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AlertBoot offers a cloud-based full disk encryption and mobile device security service for companies of any size who want a scalable and easy-to-deploy solution. Centrally managed through a web based console, AlertBoot offers mobile device management, mobile antivirus, remote wipe & lock, device auditing, USB drive and hard disk encryption managed services.

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AlertBoot offers a cloud-based full disk encryption and mobile device security service for companies of any size who want a scalable and easy-to-deploy solution. Centrally managed through a web based console, AlertBoot offers mobile device management, mobile antivirus, remote wipe & lock, device auditing, USB drive and hard disk encryption managed services.

Data Encryption Used In Lost Data Disk Containing Information on 11,500 UK Teachers

The UK media is reporting that another CD with sensitive information has been lost in the mail.  Technically, it sounds like it was a courier service, but you get the idea.  The good news is that the contents of the missing CD were encrypted.  That means the data is being protected by something similar to AlertBoot data encryption software.

 

And yet, there are people raising a fuss about the incident, including the party that lost the CD.  The General Teaching Council (GTC) sent the encrypted disk to a data contractor in Rotherham.  Now, it wasn’t the GTC that really lost the CD.  It’s the delivery service, the courier, that wasn’t able to deliver and isn’t able to figure out where the package ended up.

 

But, it’s not the courier service that is sending letters of apology to the 11,000-plus teachers.  Nope, it’s the GTC.  And, they’ve managed to spread fear:  “Because we recognise that no encryption system can ever be entirely infallible, we have taken urgent steps to put additional security measures in place for affected records.”  Unless the council had decided to use weak encryption, there really was no need for that statement.  I mean, they’re taking the “teaching” portion of their name way too far.  Weak encryption can be broken, yes.

 

For example, when you protect your Microsoft Word files with the built-in protection, locking a Word document from unauthorized eyes, you’re really encrypting it.  Microsoft has used 40-bit encryption in the past to protect such documents.  Now, while better than nothing, such weak encryption can be broken relatively easily.  There are commercial services out there that promise to break open Word files in less than 48 hours via brute force methods.  The cost tends to be a little over $50.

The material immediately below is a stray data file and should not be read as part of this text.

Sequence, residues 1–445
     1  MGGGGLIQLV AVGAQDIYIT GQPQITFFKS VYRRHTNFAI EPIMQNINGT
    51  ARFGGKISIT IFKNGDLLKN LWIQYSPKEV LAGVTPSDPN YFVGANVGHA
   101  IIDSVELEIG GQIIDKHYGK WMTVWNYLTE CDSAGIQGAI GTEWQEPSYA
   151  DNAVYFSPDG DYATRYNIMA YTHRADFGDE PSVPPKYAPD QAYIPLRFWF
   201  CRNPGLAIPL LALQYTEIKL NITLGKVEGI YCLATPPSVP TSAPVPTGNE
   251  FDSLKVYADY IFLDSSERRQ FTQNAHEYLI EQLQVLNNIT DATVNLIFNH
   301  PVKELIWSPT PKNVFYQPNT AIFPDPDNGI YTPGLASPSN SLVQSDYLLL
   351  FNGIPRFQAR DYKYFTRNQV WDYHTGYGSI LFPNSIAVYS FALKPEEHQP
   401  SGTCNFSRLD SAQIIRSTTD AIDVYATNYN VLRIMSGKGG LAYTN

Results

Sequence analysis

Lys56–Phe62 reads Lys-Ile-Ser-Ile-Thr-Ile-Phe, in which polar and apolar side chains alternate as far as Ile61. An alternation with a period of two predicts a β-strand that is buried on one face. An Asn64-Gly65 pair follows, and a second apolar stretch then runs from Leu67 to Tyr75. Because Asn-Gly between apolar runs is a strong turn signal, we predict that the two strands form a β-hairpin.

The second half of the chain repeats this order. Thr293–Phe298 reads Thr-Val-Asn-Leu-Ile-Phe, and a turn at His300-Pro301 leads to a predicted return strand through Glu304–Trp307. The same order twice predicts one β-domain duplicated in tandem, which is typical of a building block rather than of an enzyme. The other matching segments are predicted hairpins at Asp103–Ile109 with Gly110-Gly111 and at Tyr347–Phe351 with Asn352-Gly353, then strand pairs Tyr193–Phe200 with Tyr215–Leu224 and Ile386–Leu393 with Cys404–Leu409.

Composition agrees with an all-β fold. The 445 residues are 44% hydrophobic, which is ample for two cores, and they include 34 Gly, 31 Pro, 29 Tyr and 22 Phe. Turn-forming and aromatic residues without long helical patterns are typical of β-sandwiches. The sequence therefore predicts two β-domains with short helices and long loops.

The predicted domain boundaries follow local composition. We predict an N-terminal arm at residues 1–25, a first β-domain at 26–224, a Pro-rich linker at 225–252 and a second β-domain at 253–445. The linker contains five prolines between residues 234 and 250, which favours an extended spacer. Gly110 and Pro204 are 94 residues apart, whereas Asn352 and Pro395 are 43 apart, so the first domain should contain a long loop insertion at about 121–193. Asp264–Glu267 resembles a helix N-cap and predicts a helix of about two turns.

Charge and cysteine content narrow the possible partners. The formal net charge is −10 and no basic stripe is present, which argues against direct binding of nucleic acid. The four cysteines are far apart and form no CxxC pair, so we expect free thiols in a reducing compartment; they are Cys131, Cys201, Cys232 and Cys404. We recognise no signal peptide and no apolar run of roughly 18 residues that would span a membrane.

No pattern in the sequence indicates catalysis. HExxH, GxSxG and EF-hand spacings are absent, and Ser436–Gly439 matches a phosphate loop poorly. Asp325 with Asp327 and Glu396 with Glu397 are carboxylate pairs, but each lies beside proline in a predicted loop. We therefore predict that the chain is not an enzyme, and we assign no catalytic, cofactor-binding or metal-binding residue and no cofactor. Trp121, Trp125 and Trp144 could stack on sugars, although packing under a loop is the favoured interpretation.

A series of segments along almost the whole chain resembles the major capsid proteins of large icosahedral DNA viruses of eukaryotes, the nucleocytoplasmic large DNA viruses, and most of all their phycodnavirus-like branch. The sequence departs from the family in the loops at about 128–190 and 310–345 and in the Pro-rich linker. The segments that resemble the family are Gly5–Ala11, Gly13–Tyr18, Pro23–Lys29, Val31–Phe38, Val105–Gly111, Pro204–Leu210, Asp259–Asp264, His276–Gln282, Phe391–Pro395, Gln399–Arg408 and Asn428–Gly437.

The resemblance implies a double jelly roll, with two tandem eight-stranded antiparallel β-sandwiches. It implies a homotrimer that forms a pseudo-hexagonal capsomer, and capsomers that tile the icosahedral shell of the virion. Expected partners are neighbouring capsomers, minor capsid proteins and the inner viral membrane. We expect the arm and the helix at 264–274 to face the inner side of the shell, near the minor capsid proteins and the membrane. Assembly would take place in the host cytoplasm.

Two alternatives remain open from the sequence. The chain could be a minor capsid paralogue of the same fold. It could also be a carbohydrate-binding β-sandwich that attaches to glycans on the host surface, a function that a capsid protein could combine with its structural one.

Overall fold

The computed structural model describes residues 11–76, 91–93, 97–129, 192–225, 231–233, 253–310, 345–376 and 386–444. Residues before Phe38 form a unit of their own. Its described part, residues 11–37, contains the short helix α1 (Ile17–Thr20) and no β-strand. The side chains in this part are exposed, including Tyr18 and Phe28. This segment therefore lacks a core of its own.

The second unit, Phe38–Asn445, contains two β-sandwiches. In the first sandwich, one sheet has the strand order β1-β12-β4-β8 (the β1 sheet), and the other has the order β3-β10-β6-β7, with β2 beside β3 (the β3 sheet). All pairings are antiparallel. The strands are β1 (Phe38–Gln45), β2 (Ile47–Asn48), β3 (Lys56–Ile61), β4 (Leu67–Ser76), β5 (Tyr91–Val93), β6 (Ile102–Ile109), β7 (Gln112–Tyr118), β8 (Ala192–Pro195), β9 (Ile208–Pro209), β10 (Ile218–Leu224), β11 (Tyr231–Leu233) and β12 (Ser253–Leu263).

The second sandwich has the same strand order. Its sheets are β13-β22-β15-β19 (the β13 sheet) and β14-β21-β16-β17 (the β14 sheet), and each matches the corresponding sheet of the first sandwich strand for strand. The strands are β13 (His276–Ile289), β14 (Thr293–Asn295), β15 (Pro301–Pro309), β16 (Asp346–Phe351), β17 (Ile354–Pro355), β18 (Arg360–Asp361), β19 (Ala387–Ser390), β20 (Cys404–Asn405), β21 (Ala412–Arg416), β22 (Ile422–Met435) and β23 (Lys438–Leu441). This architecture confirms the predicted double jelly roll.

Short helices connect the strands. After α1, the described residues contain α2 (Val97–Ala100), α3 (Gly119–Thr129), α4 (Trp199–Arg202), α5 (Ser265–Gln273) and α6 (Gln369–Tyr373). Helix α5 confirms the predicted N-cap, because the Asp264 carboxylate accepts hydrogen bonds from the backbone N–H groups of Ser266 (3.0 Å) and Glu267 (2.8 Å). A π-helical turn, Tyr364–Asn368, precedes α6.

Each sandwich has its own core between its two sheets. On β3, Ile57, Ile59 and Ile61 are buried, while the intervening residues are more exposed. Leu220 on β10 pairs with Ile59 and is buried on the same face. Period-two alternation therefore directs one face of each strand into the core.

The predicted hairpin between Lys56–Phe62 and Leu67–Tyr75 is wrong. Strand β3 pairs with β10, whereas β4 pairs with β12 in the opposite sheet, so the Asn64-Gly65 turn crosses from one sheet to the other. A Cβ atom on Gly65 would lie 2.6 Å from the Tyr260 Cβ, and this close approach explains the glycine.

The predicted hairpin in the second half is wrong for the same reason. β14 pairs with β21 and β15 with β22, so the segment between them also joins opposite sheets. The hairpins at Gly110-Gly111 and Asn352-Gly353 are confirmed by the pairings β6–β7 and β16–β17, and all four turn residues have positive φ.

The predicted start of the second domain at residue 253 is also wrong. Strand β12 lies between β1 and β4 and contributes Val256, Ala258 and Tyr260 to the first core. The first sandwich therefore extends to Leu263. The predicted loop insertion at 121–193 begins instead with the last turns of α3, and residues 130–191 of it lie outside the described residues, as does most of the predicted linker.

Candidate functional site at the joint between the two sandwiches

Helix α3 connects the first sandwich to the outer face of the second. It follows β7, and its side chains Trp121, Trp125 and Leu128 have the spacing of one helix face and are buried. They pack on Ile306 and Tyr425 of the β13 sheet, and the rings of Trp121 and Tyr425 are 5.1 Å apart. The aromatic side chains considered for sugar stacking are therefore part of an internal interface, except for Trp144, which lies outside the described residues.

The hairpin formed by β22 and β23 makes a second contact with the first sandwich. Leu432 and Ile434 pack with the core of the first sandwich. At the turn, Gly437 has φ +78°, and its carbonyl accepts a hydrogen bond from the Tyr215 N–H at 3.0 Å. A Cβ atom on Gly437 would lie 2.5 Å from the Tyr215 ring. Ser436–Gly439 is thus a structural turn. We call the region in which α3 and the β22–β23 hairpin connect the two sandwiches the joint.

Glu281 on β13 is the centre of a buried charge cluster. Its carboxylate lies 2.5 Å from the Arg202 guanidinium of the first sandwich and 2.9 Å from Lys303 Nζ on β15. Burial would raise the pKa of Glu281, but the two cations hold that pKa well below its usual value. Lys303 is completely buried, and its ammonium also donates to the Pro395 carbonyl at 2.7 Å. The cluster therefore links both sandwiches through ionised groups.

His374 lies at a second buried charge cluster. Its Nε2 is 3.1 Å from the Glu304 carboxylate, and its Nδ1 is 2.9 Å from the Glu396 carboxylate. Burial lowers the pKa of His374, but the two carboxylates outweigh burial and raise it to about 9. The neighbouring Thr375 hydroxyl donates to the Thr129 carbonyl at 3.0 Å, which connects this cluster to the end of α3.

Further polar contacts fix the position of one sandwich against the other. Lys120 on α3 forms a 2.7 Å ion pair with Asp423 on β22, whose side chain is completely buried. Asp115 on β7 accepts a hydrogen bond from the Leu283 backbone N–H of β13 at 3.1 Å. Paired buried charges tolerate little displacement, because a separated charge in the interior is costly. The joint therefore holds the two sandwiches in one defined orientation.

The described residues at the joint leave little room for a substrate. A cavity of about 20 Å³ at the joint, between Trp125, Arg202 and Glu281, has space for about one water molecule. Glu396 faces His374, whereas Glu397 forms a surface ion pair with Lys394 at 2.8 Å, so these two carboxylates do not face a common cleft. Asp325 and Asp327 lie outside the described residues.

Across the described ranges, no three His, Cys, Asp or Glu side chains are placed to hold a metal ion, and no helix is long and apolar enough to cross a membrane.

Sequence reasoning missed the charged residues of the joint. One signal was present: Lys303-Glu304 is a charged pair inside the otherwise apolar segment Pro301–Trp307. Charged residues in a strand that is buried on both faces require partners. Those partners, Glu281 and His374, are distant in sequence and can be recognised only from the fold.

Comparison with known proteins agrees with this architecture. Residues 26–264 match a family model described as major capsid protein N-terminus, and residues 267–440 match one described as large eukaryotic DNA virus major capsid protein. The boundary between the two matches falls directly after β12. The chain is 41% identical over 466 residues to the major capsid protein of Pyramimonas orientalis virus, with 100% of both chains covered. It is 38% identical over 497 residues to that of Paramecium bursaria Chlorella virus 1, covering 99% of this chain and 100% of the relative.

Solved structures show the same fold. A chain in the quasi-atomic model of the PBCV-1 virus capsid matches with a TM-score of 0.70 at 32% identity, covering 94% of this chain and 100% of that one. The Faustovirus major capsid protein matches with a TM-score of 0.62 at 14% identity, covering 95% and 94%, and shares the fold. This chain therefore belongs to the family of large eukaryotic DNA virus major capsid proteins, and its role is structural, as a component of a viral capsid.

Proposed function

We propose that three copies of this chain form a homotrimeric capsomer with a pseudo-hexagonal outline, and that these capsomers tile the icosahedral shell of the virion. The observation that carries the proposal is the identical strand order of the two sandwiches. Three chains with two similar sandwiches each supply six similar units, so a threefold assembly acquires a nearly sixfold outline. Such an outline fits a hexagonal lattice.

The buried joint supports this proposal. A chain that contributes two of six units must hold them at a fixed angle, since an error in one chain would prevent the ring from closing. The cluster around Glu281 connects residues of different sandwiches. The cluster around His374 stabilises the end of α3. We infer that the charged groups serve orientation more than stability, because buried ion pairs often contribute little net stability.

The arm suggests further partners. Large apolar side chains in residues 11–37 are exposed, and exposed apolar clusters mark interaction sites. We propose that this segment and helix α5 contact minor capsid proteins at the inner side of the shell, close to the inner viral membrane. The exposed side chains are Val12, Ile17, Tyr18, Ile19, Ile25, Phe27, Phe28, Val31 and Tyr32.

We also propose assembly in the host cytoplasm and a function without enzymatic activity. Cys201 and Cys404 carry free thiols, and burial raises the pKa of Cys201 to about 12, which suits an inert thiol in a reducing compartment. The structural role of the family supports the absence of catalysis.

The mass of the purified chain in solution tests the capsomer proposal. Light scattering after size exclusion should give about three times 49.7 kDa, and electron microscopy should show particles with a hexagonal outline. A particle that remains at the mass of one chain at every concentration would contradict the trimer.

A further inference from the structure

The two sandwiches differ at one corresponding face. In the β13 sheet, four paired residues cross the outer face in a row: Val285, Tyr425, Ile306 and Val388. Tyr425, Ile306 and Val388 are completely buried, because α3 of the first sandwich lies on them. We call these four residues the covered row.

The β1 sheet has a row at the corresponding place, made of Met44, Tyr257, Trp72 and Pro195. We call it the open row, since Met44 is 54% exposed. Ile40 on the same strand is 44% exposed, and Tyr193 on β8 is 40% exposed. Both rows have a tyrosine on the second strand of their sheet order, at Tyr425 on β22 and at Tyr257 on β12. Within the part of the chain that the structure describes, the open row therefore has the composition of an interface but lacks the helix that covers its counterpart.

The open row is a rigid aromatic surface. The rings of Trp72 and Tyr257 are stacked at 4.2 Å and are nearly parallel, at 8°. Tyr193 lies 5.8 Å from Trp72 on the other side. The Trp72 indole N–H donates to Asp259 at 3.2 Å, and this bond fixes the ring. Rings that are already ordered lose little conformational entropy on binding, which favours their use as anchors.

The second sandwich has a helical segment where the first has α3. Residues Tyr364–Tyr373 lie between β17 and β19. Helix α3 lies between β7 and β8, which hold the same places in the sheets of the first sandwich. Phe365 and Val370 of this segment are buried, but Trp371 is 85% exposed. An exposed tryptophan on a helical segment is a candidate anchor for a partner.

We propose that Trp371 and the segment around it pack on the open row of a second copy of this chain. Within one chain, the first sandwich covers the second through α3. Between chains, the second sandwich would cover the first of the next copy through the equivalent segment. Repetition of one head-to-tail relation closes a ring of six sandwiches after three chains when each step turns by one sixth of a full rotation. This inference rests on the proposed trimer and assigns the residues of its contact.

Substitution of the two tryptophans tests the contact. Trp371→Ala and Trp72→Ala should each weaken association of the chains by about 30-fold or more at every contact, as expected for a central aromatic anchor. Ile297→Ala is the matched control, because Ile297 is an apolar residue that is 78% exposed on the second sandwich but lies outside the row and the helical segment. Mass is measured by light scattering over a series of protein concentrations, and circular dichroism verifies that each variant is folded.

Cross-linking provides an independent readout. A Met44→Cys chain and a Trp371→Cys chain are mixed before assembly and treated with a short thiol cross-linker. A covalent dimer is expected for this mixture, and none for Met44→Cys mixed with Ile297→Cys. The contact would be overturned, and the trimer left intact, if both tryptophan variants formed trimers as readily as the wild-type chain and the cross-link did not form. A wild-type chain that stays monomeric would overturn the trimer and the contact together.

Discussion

But, they’re offering the service because they know it’s a Word document.  If you were to approach said services and ask to brute force some random file that was encrypted with actual encryption software that used strong encryption, like 128 bit keys, they might balk at the suggestion…unless you decide to pay regardless of whether they are successful in breaking open the file or not.  That’s because longer keys are far harder to break.  The chances of winning the lottery twice in a row are much higher than breaking 128 bit encryption keys (much, much higher, actually).

 

This type of encryption, incidentally, is what banks and other financial institutions use to protect on-line transactions.  Now, if the GTC had used this type of encryption, which is far more secure and commonplace (they really would have to go out of their way to using something weaker, I’d say), what do they have to worry about?

 

Apparently, the people agree.  I’ve scanned over ten websites carrying the article, and only one them has people writing a crap-storm in the comments section.  Why?  Because the article didn’t mention that encryption was used to protect the data.  All the other sites are silent on the issue, and we’re talking about sites where in the past people wrote comments in droves when articles about lost CDs and USB memory sticks were reported.  I don’t know if this if this is proof that people are wise to how encryption renders data breaches useless, but it’s definitely a strong indication of such thinking.

 

Related Articles:

http://news.bbc.co.uk/2/hi/uk_news/england/west_midlands/7636822.stm

http://www.dailymail.co.uk/news/article-1062357/Disc-containing-details-11-500-teachers-lost-post.html

http://www.computerweekly.com/Articles/2008/09/26/232464/general-teaching-council-loses-details-of-11400-teachers.htm

 
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About sang_lee

Sang Lee is a Senior Account Manager and Security Analyst with AlertBoot, Inc., the leading provider of managed endpoint security services, based in Las Vegas, NV. Mr. Lee helps with the deployment and ongoing support of the AlertBoot disk encryption managed service. Prior to working at AlertBoot, Mr. Lee served in the South Korean Navy. He holds both a B.S. and an M.S. from Tufts University in Medford, Massachusetts, U.S.A.